Rahner, H., translated by Davis, L.D. (1992) Church and State in Early Christianity [ebook]. Ignatius Press, San Francisco. Location 71 of 5067

No limits to God’s government—or the church’s witness

The prophets, God’s preachers of old, were commanded by the Lord to proclaim God’s law-word concerning all things and to correct and rebuke kings and governors. When our Lord promises His disciples that they shall be brought before governors and kings for His sake, and “for a testimony against them” (Matt. 10:18), He did not mean they were then to forswear the faith, wink at abortion and homosexuality, and be silent about the sins of the state!

There are no limits to the area of God’s government, law, and sovereign sway. There can then be no limits to the areas of the church’s witness, its preaching, and its commanded concern.

Quote source

Rushdoony, R.J. (1986). Christianity and the State. Ross House Books, Vallecito, p. 192

War between civil orders and Christ’s kingdom

Because the state sees itself as the overlord for all within the territory of the state, it grows increasingly intolerant of any divergent element, especially one which insists on a transcendental order. The true Christian must insist on the crown rights of Christ the King; he believes in God’s law; he recognizes the necessity of obeying and pleasing God, not man, and he moves in terms of his calling from God. He has what the modern state detests, a dual citizenship in the local state and in the Kingdom of God; in that dual citizenship, God’s kingdom has priority and must govern over the local realm.

There is thus a state of war between modern civil orders and Christ’s kingdom. Those who refuse to recognize that war will become the first victims of it.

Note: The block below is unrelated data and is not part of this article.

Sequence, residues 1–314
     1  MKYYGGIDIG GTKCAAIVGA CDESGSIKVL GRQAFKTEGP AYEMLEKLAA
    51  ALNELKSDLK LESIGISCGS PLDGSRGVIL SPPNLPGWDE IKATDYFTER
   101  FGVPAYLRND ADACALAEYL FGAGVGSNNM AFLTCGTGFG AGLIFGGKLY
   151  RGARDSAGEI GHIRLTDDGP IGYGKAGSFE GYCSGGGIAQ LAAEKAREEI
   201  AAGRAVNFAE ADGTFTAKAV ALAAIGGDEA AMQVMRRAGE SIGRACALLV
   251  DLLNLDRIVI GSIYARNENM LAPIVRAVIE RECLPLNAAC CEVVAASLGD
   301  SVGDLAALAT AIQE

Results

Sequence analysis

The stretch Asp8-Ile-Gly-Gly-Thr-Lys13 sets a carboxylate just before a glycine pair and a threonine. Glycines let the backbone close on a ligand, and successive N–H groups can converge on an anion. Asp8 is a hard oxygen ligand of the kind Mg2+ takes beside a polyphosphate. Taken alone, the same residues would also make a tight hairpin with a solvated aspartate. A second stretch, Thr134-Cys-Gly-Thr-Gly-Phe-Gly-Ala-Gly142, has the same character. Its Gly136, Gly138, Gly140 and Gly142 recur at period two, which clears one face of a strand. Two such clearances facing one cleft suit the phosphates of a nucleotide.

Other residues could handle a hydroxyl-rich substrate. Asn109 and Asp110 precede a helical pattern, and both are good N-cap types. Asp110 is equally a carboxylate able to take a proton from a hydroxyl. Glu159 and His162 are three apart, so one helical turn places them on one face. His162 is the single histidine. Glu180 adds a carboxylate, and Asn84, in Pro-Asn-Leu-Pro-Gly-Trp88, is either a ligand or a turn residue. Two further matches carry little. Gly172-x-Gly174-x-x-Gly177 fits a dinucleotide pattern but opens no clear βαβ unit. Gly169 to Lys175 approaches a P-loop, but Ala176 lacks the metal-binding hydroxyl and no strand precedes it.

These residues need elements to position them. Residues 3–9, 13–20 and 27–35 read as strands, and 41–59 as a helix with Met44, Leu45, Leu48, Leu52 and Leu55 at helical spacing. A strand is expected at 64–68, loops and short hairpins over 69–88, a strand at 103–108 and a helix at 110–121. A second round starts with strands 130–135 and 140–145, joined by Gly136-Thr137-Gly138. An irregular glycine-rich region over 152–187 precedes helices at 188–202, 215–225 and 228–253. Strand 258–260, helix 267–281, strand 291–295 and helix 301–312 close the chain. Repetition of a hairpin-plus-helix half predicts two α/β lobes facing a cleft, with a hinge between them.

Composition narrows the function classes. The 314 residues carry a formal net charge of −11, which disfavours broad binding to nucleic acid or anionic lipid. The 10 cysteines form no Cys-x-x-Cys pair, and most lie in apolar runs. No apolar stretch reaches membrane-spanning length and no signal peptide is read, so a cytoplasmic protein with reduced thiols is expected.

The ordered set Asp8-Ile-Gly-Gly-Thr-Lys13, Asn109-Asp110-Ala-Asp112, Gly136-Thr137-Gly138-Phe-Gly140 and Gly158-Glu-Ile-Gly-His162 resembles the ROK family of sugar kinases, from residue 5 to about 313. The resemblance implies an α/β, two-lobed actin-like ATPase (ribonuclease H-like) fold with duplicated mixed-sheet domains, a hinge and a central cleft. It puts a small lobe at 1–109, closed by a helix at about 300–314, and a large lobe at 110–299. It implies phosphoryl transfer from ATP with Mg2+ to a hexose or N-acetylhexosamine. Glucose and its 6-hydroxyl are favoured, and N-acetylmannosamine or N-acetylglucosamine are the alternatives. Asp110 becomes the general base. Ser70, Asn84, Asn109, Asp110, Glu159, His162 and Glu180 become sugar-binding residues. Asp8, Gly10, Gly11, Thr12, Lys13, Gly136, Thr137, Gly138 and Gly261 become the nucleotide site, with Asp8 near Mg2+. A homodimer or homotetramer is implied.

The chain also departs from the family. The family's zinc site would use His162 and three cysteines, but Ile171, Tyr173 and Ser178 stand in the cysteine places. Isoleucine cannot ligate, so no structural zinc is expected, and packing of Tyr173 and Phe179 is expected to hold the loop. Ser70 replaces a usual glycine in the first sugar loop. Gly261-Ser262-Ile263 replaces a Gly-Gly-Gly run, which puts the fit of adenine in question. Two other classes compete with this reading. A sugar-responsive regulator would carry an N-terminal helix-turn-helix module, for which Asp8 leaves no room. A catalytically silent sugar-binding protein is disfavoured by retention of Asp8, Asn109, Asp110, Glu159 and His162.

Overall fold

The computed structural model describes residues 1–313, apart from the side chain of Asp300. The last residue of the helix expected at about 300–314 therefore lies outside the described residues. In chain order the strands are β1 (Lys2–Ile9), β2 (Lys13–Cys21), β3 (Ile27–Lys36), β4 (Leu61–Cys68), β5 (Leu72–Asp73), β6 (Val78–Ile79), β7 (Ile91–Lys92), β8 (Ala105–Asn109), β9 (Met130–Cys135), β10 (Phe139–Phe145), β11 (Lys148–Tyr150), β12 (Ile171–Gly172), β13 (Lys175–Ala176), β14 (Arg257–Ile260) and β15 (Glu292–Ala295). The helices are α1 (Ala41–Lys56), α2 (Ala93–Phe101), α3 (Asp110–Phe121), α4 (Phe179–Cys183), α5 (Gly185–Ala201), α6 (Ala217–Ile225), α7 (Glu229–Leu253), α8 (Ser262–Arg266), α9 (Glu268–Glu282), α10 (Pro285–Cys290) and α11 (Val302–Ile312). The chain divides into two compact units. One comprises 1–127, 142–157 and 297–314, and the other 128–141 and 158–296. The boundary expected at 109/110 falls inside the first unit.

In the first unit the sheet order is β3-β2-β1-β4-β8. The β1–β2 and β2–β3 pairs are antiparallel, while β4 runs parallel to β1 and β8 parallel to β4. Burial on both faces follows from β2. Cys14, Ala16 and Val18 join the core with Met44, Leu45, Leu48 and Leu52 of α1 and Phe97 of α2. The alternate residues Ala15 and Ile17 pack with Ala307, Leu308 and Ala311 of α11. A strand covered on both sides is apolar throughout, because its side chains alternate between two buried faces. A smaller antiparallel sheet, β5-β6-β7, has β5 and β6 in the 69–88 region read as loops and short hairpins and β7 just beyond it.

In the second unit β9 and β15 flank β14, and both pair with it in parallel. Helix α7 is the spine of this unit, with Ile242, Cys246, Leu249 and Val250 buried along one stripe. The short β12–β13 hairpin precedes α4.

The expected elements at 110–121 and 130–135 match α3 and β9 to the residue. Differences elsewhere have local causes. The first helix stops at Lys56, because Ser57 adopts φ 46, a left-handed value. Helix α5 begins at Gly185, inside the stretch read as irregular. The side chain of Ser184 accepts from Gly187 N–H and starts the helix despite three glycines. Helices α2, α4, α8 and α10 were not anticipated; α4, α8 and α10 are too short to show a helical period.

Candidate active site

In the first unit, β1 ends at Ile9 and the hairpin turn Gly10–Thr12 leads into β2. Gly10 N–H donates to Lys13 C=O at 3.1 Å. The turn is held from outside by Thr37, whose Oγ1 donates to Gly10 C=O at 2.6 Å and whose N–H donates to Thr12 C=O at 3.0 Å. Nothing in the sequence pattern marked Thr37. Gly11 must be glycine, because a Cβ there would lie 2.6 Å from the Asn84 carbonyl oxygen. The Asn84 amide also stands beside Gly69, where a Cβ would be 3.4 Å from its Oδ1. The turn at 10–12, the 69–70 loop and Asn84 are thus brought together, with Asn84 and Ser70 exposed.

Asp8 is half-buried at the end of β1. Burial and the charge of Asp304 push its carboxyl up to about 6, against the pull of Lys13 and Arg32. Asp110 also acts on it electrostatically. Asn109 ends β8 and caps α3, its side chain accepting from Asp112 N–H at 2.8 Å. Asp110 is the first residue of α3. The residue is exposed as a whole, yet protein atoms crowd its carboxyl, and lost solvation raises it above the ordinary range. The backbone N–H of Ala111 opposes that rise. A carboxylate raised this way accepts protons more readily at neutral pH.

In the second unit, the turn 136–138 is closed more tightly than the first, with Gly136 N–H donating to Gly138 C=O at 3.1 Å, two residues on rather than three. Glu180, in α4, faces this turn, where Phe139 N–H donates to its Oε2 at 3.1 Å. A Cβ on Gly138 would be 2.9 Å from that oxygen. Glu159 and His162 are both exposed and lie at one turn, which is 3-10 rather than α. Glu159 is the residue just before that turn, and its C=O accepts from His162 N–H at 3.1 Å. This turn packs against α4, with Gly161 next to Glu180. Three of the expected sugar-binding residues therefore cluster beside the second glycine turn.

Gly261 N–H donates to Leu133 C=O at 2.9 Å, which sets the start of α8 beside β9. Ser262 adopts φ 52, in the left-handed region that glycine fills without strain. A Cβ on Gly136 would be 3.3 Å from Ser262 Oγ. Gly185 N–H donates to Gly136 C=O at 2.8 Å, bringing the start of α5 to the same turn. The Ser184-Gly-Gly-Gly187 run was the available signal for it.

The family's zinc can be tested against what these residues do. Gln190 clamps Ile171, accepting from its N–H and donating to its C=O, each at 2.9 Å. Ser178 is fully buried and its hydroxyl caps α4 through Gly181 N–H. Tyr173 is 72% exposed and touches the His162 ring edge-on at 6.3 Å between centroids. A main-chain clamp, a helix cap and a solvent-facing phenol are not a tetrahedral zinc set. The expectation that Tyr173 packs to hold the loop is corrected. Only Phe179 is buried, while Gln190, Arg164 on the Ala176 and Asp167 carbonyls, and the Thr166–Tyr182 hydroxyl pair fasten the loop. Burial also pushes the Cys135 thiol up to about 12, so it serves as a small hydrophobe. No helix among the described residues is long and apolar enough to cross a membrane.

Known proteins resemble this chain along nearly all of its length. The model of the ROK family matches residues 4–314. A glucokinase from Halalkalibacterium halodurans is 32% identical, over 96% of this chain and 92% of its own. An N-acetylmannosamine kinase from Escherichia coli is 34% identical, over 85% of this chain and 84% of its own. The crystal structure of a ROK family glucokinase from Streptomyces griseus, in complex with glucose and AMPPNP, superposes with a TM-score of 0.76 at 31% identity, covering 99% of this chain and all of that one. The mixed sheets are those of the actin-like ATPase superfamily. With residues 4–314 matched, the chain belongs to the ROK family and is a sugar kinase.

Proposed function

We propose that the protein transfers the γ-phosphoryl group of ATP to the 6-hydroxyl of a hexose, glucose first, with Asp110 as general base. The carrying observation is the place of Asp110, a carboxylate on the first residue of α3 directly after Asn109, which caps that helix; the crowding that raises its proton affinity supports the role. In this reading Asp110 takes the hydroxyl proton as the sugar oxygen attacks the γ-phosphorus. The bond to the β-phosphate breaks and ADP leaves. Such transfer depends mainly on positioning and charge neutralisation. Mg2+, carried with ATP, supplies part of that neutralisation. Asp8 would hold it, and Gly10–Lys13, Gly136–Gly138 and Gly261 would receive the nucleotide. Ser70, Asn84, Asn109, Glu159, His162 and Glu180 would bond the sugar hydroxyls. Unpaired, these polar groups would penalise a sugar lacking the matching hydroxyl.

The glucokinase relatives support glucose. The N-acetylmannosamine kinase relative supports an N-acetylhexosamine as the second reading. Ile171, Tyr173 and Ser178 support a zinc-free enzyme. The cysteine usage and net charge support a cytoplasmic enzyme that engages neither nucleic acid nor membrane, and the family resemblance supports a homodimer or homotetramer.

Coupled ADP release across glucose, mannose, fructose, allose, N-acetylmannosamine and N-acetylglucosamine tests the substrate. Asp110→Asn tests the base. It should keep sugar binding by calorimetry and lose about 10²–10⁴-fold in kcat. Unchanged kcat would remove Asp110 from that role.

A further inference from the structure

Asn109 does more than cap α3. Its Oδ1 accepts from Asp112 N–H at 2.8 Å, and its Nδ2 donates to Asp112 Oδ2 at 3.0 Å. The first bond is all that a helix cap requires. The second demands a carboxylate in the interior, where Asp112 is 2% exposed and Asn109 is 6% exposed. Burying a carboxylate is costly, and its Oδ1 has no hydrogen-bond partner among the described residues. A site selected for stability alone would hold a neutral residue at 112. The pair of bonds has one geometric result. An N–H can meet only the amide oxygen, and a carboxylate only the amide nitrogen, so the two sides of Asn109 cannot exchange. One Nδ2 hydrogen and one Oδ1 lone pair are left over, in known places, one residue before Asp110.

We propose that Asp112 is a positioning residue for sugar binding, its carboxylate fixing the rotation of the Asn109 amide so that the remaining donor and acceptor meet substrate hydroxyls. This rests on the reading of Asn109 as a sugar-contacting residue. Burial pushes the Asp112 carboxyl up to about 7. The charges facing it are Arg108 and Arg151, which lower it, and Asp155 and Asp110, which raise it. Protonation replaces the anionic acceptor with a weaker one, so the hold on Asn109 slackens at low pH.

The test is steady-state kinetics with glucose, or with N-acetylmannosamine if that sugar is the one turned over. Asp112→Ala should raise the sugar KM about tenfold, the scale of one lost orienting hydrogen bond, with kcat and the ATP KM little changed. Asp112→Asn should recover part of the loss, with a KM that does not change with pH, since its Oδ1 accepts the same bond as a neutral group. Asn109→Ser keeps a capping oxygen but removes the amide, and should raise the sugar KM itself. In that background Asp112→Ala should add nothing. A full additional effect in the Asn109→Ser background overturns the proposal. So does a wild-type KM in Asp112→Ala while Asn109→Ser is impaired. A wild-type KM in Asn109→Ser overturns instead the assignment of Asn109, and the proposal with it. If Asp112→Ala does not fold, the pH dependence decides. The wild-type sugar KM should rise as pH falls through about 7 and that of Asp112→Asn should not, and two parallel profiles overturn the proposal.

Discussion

Quote source

Rushdoony, R.J. (1986). Christianity and the State. Ross House Books, Vallecito, pp. 167-168

Christ trumps the state, and the church must follow

Early Christians were called “heretics” and “atheists” when they denied the gods of Rome, in particular the divinity of the emperor and the statism he embodied in his personality cult.

These Christians knew that Jesus Christ, not the state, was their Lord and that this faith required a different kind of relationship to the state than the state demanded.

Because Jesus Christ was their acknowledged Sovereign, they consciously denied such esteem to all other claimants. Today the church must take a similar stand before the modern state.

Quote source

Chalcedon Foundation, (n.d.) The “Atheism” of the Early Church. Available http://chalcedon.edu/store/item/the-atheism-of-the-early-church/. Last accessed 30th Aug 2015.

Church and state must be under God’s authority

The rationalist wants to establish authority rather than recognize it. To begin with a Biblical perspective means to recognize the radical impact of sin and its world and life view on man. For the faithful Christian, the mind and life of man must be governed by the Word of God. Both church and state must be under the authority of the Word of God, and also man, his reason, and every area of life and thought.

Quote source

  1. Rushdoony, R. J. (2013) Van Til and the Limits of Reason. (Ebook). Ross House Books, Vallecito. Location 947-51.